Geography and terroir
The massive (1000 sq km) region of Bordeaux encompasses over 55 distinct appellations and a range of soil types, terrains, and mesoclimates. You’ll find the city in southwest France, on the left bank of the Garonne River. There are two key winegrowing areas in Bordeaux, known for centuries as the ‘Left Bank’ and ‘Right Bank.’ The most famous Left Bank region is the Medoc Peninsula, sandwiched between the Atlantic and the Gironde estuary.
Left Bank and Medoc Peninsula
The Gironde flows in from the Atlantic at Pointe de Grave and extends south towards the city outskirts. On its Left Bank stretching southwards, you hit the Médoc appellation and then consecutively St Estèphe, Pauillac, St Julien, Listrac Médoc, and Mouilis en Medóc further inland, and Margaux. Meanwhile, the Haut Médoc’s vineyards extend along half of the peninsula. The grapes used here primarily are Cabernet Sauvignon (the flagship Left Bank grape, which is responsible for the structure, tannins, fruit, and aging potential of the wines), Cabernet Franc (which gives elegance and finesse to the blends), and smaller quantities of Merlot (bringing roundness, soft fruits, and body). Then minute quantities of Petit Verdot, Malbec, and Carménère are thrown into wine blends – as a chef would use a spice – to bring out other flavors. The poor soils here make for great viticulture; you will find a mix of gravel, pebbles, and sand in the vines. Vines propel their roots deep into the earth (as far as fifty feet down) to find water, which leads to low-yielding vines that make ultra-intense, delicious wines.
Near the village of Margaux, the Gironde forks into two rivers and becomes the Garonne (heading south, flowing through Bordeaux and the appellations of Pessac Leognan, Cadillac, Graves, Cérons, Barsac, Loupiac, St Croix du Mont and Sauternes) and the Dordogne (heading east and en route flowing through the wine appellations of Côtes de Bourg, Fronsac, Pomerol, St Emilion and its “satellites” and eventually on to the Dordogne region with its varied wine regions). Between these two rivers lies the aptly named and very beautiful “Entre-Deux-Mers” white wine region: Sauvignon Blanc blends are the lifeblood of this appellation’s inexpensive but high-quality whites.
Right Bank: Merlot-Dominated Wines
However, Merlot is the mainstay of production in the Right Bank, yielding velvety and opulent reds that consumers love. Pomerol and St Emilion are the two most famous names, while there are some delightful surprises in Fronsac and Côtes de Castillon. Merlot’s historic dominance (as opposed to its supporting role in the Medoc) is due to the complex relationship between soils, grapes, climate, and vineyard exposure. The Right Bank has more clay and limestone soils and, as a rule, has more gentle hills than the Left Bank, which is quite flat. While the Left Bank is home to countless grand chateaux (and rather unattractive scenery in between), the Right Bank is more about gorgeous scenery and more humble wineries. This is where you will encounter many famed “Garagistes” and “Garage wines,” such as Le Pin in Pomerol.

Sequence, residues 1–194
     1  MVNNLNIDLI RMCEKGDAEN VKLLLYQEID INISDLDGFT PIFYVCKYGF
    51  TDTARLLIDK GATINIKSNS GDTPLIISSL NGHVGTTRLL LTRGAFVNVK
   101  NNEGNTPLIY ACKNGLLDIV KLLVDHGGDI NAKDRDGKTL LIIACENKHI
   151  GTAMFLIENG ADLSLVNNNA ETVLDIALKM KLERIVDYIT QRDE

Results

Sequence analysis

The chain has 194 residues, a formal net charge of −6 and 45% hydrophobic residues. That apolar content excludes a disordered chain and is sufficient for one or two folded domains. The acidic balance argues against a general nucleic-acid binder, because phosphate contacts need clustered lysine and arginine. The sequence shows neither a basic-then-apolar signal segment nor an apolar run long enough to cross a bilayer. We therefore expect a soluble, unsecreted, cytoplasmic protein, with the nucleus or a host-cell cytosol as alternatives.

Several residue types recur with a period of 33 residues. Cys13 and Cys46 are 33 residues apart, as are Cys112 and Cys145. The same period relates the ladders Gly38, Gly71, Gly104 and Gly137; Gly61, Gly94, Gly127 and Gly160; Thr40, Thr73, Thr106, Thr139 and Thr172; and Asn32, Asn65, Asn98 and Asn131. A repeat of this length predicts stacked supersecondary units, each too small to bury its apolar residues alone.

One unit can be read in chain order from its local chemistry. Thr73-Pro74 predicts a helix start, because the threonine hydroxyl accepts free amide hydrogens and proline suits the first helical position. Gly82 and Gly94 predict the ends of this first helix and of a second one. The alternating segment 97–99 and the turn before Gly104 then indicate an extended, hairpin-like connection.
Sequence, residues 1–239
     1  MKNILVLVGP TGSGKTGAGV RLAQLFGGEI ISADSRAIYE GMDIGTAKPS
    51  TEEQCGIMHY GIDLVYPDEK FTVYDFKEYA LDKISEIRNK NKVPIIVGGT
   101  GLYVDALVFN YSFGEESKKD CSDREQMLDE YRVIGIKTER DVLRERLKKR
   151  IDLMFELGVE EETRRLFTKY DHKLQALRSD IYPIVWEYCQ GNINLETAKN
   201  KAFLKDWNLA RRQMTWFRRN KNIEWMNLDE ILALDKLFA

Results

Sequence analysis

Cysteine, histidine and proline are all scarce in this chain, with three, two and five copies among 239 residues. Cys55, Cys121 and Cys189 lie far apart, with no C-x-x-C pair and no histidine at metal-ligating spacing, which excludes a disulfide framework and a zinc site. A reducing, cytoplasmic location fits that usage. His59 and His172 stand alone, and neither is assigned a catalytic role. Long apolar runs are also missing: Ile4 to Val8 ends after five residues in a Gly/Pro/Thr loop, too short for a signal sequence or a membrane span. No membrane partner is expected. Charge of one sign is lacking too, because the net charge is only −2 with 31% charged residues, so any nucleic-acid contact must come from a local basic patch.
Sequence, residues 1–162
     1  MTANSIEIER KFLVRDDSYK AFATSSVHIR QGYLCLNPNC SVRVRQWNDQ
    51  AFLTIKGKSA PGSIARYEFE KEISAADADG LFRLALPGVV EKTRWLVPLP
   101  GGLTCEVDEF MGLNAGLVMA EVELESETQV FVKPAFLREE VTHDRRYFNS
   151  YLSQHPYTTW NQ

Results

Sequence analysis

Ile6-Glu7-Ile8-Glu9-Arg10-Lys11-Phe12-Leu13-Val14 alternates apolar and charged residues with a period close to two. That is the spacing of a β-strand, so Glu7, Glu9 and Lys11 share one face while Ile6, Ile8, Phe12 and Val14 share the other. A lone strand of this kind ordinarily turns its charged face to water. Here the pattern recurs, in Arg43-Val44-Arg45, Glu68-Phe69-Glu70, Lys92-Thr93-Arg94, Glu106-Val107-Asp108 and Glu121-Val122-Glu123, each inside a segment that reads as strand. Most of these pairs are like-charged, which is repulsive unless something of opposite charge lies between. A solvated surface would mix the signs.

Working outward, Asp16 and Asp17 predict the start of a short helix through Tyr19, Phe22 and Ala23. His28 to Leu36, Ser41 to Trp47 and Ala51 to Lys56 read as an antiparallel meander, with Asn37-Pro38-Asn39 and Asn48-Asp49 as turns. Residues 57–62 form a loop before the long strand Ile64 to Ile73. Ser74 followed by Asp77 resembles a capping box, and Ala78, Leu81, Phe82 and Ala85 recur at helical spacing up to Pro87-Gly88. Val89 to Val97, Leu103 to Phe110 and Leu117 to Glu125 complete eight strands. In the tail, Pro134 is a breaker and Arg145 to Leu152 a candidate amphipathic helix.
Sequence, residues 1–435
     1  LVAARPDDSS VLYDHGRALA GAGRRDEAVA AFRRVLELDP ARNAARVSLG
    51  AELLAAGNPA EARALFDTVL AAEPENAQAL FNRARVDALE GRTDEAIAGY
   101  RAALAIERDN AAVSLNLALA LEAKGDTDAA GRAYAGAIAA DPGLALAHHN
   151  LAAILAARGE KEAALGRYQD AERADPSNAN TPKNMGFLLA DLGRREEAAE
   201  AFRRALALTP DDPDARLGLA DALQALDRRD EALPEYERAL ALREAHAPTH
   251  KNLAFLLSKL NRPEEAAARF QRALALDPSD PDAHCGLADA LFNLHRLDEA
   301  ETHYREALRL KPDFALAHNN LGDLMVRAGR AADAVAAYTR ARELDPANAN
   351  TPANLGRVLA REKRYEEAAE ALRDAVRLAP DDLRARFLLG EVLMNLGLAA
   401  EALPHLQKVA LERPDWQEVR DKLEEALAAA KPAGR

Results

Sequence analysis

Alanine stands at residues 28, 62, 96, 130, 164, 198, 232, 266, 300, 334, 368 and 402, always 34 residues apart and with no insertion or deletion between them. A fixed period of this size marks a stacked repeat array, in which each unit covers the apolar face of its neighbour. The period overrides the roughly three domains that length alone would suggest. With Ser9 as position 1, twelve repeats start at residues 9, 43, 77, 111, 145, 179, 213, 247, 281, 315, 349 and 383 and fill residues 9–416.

Geographical and Climatic Influences
Climatically, Bordeaux enjoys a maritime weather system with warm, humid summers and damp winters. In the 20th century, proximity to the Atlantic ruined many a vintage in Bordeaux; downpours during harvest led to berry rot, dilution, and astringent green tannins. 1992 and 1993 are classic examples of this phenomenon – very few chateaux made exemplary wines in those years. Twenty-five years ago, people widely accepted the wisdom that Bordeaux’s weather exhibited a high degree of capriciousness, and the looming threat of a mildew attack was ever-present. The threat of spring frosts is another pernicious aspect of wine growing here: producers lost a high volume of their crop in 2021 due to unseasonably cold weather. Meanwhile, the average growing season temperature is about 66°F, with rainfall hovering around 900 mm annually.
Impact of Global Warming on Bordeaux Wines
Yet global warming has exceeded expectations in Bordeaux: a succession of hot vintages produced super-ripe Cabernet Sauvignon, a dead ringer for Napa Valley. Will this trend continue, or was it a blip? It is impossible to answer those questions with total accuracy, although owners and producers are adapting their viticultural practices to reflect what they believe is the ‘new normal.’